Tuesday, February 01, 2011

The Day Before Groundhog Day

Tomorrow marks the 125th anniversary of Groundhog Day. Since my mother's side of the family came from western Pennsylvania, less than an hour's drive from Punxsutawney, I grew up with pictures of the Groundhog Day ceremony in my house. I knew all about Punxsutawney Phil before Bill Murray made the movie. Before Murray's "Groundhog Day" movie, February 2 was simply a holiday based on an old legend about a rodent's weather-forecasting ability. The movie changed the meaning of the holiday in our popular culture. The phrase "Groundhog Day" has come to represent the act of going through a phenomenon over and over and over until one spiritually transcends it.

Here in Chicago, we get that "Groundhog Day" feeling about this time of year. Starting sometime in December, the skies turn grey and often stay that color for weeks on end. We get blasted with snow and cold. The days are short and so are the tempers of our fellow citizens. It does sometimes feel like we are living the same winter day, over and over and over. Save us, Punxsutawney Phil!!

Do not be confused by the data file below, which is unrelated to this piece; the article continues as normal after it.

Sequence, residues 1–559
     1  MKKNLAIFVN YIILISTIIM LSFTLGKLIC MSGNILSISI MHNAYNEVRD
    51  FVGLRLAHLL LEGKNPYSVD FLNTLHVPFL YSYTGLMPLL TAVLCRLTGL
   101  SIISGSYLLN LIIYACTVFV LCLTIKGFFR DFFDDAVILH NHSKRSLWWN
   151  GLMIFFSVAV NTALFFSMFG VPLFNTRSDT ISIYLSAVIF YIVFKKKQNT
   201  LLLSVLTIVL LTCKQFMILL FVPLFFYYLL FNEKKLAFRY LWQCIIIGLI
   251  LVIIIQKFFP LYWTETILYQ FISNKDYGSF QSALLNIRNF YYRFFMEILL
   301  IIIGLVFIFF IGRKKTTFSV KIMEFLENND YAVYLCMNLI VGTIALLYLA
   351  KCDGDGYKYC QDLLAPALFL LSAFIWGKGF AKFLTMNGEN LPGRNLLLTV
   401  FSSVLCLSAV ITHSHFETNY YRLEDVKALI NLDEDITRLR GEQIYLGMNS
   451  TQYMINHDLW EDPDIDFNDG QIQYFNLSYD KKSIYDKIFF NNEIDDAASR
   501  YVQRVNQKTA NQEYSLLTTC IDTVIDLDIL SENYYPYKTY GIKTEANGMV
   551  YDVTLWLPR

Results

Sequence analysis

But tomorrow, my friends, will be different.

According to the U.S. Weather Service and the chattering herd of media hypesters, Chicago is to be hit with a great-grandmother of a blizzard, starting this afternoon and extending into the wee hours of Groundhog Day. Breathless disaster junkies are claiming that this could be "the big one" with snowfall exceeding the infamous "Blizzard of '67." Winds will howl, leading to white-out conditions. THE CITY COULD SHUT DOWN!!!! PANIC AND CHAOS COULD ENSUE!!!!! RUN AWAY RUN AWAY TO ARUBA!!!!! (Except O'Hare will be closed).

Excuse me, but a big snowstorm in Chicago in early February simply isn't a newsworthy event. We are Chicagoans. We have four-wheel drive vehicles, several hundred thousand tons of road salt in storage, and drink antifreeze in the winter. Snowstorm? Feh!

In the immortal (immoral?) words of the 43rd POTUS, "Bring it on!"'